One thing I discovered pretty quickly was that CC:P is a much different game in a lot of ways compared to it's ETO sibling. There are a ton of rules changes, from how smoke dissipates to how units recover to the much richer asset management rules. I think all of these are for the best, although we did have some points where we forgot a couple of rules (such as units in caves can only fire downslope or checking for arty/air busting fortifications). Note that I'd played the A scenario (Filipino hemp fields! Maybe someone will start a blaze!), but it didn't have the cave rules and they made things very interesting.
The Japanese start out on the four-level hill in the middle of the map, and have six caves and seven wire markers. I placed the wire off to the sides to nudge the Marines to the center of the map where I could shoot at them. Because of the high hill wall, units in caves can shoot at more or less anything that moves for much of the game, and I had three caves on that face. Two more were set forward and one as a bug-out/backstop in case the Yanks got past my main defenses and started running off the board. Our extra objectives (aside from the mandatory Obj5 worth 10 points) were Obj4 worth 1 (yippee, my secret obj) and Chuck's public +1 VP for eliminating units.
I was blessed with no fire cards at all early, and Chuck got his forces moving forward quickly, then was able to lay smoke screens to protect them. However, I was having good success in breaking them but not eliminating them, and at one point I'd broken 9 of 16 units on the board. The whole Revive mechanism adds better control to the game, and players can pick and choose which units recover or have suppression markers removed. Chuck had a terrible time getting these cards early, however, but his smoke from his howitzer kept them from dying too quickly.
Things started going wrong when he managed to start blowing up my caves by having the explosives actions when he rolled doubles against my forward bases, negating my defensive advantage. I did manage to hold out extra long in the first cave he destroyed, and ran from his flamethrowers in the second. Remember that latter unit, as it played a big role later on.
However, my deck moved along *very* slowly, although I often had fire cards handy, and more than a couple of Panji pits. As such, the time marker didn't move very briskly and Chuck was able to root out one of my two medium MG nests along the top of the hill. He also managed to break through in the center and drive on the main objective, which we nicknamed the Mess Hall as it was the only building on the map. Unfortunately, that unit that had run from an early melee in a forward cave couldn't move fast enough to get there before Chuck did, so now *I* had to root *him* out.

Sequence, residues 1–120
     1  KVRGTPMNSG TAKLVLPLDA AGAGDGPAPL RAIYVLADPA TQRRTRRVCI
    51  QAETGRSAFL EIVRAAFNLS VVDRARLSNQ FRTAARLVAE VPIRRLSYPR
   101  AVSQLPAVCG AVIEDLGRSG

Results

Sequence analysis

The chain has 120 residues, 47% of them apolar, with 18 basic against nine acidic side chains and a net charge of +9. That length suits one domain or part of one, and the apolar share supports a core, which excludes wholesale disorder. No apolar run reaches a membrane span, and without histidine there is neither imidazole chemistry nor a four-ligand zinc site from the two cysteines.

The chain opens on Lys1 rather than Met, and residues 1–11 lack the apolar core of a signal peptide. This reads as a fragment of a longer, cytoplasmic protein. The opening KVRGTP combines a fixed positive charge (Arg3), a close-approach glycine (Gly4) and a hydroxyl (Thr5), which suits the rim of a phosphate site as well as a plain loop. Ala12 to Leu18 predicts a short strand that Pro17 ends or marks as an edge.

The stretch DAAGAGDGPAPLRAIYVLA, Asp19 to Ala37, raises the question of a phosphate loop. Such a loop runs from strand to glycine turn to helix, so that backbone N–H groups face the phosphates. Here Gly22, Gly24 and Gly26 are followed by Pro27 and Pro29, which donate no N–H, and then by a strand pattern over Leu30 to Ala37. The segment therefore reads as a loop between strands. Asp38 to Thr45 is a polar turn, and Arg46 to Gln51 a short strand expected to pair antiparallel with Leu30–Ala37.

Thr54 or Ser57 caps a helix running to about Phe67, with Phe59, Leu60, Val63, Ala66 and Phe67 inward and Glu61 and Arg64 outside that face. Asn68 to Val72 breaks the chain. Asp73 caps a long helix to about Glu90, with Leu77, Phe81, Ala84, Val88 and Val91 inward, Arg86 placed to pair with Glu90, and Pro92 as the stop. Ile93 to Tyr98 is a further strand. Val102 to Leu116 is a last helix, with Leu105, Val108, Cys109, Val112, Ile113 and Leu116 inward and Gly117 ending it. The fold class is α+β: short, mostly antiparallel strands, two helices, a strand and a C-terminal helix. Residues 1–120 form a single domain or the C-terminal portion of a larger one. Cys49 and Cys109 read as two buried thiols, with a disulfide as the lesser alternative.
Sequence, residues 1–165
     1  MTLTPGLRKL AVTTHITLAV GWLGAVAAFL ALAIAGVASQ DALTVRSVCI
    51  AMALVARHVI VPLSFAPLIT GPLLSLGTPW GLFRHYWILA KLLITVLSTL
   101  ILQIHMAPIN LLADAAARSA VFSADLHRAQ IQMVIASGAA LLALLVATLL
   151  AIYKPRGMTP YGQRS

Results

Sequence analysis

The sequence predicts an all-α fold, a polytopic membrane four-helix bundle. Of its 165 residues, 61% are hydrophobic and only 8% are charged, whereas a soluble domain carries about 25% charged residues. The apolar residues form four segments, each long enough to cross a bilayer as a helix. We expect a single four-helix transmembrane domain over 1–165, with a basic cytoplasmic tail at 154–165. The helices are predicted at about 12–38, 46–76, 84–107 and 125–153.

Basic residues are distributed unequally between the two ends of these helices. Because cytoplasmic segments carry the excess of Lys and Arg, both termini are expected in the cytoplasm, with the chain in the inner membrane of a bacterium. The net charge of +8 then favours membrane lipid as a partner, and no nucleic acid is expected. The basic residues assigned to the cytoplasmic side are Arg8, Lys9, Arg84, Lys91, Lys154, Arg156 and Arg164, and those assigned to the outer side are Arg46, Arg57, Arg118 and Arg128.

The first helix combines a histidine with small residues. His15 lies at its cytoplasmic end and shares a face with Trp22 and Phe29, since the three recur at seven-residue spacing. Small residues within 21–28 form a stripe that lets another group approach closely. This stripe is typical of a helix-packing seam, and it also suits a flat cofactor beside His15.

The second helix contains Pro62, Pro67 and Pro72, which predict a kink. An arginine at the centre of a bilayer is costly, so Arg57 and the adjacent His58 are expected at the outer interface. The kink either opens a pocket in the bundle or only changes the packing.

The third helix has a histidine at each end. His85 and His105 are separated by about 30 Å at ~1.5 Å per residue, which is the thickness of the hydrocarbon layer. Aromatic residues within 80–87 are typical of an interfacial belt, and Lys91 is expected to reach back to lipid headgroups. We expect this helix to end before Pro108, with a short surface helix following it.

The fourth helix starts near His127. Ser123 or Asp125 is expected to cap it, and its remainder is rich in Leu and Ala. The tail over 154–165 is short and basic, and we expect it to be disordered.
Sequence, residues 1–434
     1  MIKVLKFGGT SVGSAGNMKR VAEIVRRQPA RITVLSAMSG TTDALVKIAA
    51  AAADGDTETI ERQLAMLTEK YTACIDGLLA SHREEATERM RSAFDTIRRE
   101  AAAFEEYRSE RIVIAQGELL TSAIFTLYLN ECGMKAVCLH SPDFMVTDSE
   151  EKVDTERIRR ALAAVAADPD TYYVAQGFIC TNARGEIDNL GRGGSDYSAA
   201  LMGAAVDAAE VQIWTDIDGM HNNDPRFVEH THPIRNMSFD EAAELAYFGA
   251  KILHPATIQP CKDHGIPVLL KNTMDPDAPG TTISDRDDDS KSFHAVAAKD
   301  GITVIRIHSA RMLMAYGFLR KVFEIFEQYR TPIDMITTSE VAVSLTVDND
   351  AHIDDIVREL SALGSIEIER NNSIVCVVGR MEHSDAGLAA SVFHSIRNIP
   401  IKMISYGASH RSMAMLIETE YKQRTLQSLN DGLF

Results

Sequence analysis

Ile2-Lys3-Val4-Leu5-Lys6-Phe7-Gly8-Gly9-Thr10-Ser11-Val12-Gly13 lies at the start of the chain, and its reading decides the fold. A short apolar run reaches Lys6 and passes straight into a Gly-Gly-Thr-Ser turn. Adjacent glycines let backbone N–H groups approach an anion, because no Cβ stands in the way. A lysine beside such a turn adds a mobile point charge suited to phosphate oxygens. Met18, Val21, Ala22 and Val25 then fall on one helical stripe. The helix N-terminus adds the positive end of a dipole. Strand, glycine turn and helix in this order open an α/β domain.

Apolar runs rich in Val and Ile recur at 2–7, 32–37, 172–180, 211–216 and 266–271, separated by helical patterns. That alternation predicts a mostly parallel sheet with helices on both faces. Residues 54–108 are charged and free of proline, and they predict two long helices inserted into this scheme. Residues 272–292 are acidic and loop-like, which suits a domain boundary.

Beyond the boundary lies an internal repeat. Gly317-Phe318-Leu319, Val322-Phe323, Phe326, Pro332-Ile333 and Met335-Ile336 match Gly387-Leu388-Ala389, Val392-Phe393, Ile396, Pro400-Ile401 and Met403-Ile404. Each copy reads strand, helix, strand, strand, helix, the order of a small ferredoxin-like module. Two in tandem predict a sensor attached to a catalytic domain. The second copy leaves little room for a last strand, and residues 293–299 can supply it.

Amazingly, I did so. I had to hold an Advance card in hand for about ten turns while I tried to knock out enough of the three units in that space to advance with my lone unit, and I was thinking I had a good chance to win the game if the time triggers would just cooperate. They did not. As we approached the sudden death marker, the game got very close, even with Chuck controlling the Mess Hall, and he got a very large stack adjacent to the last MMG nest, now in a convenient hidden pillbox (I ended up with three of these over the course of the game). He managed to knock out my last leader, and it was all over but the shouting. We agreed that it was one of the most entertaining and fun CC scenarios we'd ever played.
CC:P definitely mixes things up with the Japanese. I had placed one unit hidden with the plan to use it to infiltrate at some point later on, and that actually worked out to some extent. I put the unit far in his backfield, but because the map determines exit points instead of just getting a unit off, I ended up with no points in that department, but was able to bring the unit on to help try to take the Mess Hall back. However, the unit never did really get into the action.
The Japanese deck has some definite oddities. Charge cards are useless unless a specific event happens, but if it did things would have been crazy. There are only 10 Move cards in the whole Japanese deck, but 10 Advance cards. Unfortunately, I wasn't really able to get those cards to use the Caves as much as I'd have liked, although I did neglect to consider that you can use them to advance from one cave to another where your opponent is hiding. This would have been a good choice in a couple of instances and might have made the difference for me, but now I know better. Also, no Command Confusion Orders, although the Charge cards make up for that to some extent, as do Infiltrates and Reconnaissance (especially late when I didn't have any leaders to activate them with).
If you've played CC:E/M, you'll definitely want to start with scenarios that avoid caves, but there's really no way to avoid the really big changes that happen, especially in the Asset Request/Denied Order set, which gives the players a lot more variety of actions. The net result is a very different feel, but a good one. This is still one of my favorite wargames and if you like tactical games and can tolerate more chaos than many other wargames, you'll like it. If you want more control, I'd recommend Conflict of Heroes over this as you are always allowed to do what you want within the context of action points rather than hoping you have the right card. CC:P, however, is a great addition to the CC family and if you liked E/M, you'll love P.
Thanks to Chuck for coming over and gaming. We had a great time as always, which was something I sorely needed, and I'm very fortunate to have him as a friend and opponent (as I am with all of my gaming friends).